People trying to download an illegal copy of “Spider-Man: No Way Home” are going to have a nasty surprise, as copies on “torrent” sites that link to illicit copies of movies have been found to include a crypto miner. persistent currency as an unwanted bonus. .

Detailed today by researchers at Reason Cybersecurity Ltd., the illicit copies of Spider-Man’s latest installment include a new version of a previously known form of malware. The malware, nicknamed “Spiderman”, is described as a variant of malware that had previously been disguised as popular applications such as “Windows Updater” and “Discord app”.

The crypto malware miner is capable of adding exclusions to Windows Defender. It also adds a “monitoring process” for persistence. The researchers note that on the first run, the malware would kill any process named after its components to ensure that only one instance is running at any given time. The crypto mining malware then runs two new processes, called Sihost64.exe and WR64.exe.

“It has been extremely common for threat actors to attach cryptominers and other malware to popular torrent files for over a decade,” Jasmine Henry, director of field security at SiliconANGLE, told SiliconANGLE. JupiterOne Inc., provider of IT asset management and governance solutions. “Security teams need to review their acceptable use policies and periodically remind employees that illegal peer-to-peer file sharing at home or on work devices carries some pretty nasty security risks.”

Casey Ellis, founder and CTO of crowdsourced security platform company Bugcrowd Inc., noted that “someone who wants to implant malware, using a delivery system where users are less likely to asking for “tech support” if something doesn’t look right or even admitting to peers or family that their computer might behave strangely, increases the chances that my malware will run first and, once that it does, reduces the risk of it being discovered and deleted.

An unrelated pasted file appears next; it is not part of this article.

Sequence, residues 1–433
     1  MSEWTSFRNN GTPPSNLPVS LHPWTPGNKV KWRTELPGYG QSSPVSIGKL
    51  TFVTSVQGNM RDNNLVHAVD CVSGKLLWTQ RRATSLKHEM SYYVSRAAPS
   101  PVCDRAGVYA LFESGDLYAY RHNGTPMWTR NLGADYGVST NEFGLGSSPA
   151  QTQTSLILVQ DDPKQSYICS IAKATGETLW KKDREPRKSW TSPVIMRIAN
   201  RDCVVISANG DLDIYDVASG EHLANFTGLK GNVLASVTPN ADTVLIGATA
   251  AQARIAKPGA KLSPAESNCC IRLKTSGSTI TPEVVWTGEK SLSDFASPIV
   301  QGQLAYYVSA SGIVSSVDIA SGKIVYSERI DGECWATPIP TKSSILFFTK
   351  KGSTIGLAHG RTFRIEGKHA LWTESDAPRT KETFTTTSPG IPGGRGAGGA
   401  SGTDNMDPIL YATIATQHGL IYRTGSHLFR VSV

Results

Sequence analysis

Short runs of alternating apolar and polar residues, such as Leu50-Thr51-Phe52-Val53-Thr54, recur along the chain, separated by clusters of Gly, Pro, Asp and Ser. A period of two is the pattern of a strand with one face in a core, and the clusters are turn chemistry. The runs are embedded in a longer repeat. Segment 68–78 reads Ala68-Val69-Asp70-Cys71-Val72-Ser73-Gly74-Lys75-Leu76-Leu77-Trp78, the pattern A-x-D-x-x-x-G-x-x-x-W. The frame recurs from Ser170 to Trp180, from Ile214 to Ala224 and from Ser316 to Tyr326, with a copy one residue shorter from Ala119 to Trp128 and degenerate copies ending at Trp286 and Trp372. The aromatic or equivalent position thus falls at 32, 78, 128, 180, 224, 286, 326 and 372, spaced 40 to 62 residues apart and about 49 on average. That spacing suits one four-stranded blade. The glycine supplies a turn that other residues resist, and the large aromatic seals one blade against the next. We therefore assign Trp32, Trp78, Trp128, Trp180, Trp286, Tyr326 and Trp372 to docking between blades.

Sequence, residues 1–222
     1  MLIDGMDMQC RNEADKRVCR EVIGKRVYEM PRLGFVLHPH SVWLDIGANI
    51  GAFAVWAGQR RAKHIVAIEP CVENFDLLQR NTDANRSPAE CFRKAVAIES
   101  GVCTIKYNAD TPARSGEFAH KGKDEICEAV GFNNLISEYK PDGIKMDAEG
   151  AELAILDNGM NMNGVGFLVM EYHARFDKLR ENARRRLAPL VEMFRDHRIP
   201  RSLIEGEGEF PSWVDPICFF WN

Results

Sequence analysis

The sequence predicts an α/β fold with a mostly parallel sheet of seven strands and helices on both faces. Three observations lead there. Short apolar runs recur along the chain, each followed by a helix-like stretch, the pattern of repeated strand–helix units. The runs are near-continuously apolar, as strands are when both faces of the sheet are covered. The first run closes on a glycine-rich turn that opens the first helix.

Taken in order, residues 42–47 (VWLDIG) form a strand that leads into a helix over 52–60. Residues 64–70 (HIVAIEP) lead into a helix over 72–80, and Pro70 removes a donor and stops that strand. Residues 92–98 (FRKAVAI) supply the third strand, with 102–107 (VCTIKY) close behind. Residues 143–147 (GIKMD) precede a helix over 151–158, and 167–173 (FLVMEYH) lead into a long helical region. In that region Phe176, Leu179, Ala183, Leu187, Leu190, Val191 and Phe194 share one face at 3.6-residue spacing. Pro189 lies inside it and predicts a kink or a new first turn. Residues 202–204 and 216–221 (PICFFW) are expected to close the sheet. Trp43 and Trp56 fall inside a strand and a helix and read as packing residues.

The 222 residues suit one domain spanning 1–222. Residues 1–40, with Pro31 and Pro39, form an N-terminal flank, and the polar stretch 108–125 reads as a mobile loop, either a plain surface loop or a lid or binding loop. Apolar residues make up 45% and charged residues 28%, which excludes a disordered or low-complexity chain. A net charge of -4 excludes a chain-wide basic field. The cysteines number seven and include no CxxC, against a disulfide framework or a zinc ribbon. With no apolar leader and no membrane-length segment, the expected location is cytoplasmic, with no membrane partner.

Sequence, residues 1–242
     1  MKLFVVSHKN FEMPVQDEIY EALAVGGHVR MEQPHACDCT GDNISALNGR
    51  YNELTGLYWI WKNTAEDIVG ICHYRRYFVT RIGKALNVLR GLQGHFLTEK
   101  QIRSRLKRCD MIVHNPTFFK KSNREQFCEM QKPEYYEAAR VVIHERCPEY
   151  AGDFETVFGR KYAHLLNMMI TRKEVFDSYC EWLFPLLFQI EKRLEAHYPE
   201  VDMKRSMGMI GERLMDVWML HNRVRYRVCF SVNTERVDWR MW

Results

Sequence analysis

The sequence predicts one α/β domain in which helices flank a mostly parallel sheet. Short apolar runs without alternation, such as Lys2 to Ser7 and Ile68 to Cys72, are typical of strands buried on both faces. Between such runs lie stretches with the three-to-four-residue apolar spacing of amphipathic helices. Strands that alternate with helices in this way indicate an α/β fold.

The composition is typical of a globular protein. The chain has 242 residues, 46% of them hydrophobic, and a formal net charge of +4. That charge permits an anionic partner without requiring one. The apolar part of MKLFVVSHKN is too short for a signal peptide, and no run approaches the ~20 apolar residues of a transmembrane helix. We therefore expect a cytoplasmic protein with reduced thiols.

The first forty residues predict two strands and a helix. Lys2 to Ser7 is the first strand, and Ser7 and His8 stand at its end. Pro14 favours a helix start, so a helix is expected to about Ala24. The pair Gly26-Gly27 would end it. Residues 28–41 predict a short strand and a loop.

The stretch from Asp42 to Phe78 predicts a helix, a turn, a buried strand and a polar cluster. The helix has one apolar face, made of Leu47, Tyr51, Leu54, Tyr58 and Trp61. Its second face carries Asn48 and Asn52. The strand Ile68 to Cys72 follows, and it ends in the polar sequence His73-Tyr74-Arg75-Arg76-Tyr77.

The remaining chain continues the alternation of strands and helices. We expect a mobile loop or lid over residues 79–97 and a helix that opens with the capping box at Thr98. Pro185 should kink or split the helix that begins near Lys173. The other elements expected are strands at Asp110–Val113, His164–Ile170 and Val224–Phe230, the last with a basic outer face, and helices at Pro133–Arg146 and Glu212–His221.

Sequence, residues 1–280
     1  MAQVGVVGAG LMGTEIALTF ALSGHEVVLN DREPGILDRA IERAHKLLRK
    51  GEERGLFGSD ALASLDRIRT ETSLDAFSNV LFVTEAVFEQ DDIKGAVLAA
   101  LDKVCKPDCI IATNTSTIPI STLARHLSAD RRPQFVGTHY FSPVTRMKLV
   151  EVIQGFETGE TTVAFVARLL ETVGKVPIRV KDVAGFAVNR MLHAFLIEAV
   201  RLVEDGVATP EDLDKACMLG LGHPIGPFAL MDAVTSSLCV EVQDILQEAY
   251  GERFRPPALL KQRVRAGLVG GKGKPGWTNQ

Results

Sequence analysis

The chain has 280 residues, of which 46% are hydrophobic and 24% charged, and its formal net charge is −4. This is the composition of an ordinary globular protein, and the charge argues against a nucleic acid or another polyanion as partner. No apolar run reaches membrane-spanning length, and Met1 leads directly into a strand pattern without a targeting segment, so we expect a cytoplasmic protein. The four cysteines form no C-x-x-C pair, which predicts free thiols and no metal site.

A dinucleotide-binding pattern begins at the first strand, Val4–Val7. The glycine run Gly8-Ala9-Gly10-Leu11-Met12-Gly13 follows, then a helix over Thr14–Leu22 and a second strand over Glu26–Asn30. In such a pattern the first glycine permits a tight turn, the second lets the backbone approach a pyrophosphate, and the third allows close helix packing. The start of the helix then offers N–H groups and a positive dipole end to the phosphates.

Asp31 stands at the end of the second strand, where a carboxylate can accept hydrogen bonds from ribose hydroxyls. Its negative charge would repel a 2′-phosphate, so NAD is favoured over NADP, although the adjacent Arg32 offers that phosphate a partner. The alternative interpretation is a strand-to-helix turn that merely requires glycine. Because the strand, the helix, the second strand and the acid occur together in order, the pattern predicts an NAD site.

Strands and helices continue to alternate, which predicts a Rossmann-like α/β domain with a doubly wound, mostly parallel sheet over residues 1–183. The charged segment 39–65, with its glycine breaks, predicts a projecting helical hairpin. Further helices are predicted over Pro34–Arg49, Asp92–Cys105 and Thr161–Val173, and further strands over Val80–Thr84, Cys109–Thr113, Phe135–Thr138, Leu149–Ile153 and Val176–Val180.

Sean Nikkel, senior cyber threat intelligence analyst at digital risk protection firm Digital Shadows Ltd., explained that hiding a minor crypto or similar malware in an attractive file, such as the new Spider-Man movie or other hot media properties, is nothing new.

“There are probably a lot of genXers and millennials who remember the days when they would download random files from strangers through Kazaa and Limewire looking for rare or free MP3 or video files and ended up with a horse. Trojan or similar wickedness, ”Nikkel said. “Unfortunately, the tactic has spread to the world of Torrenting. There have been many cases of people downloading the wrong file, believing it to be a popular movie, TV show, or movie. ‘a new remix.

Image: Sony / Marvel

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Al Worden

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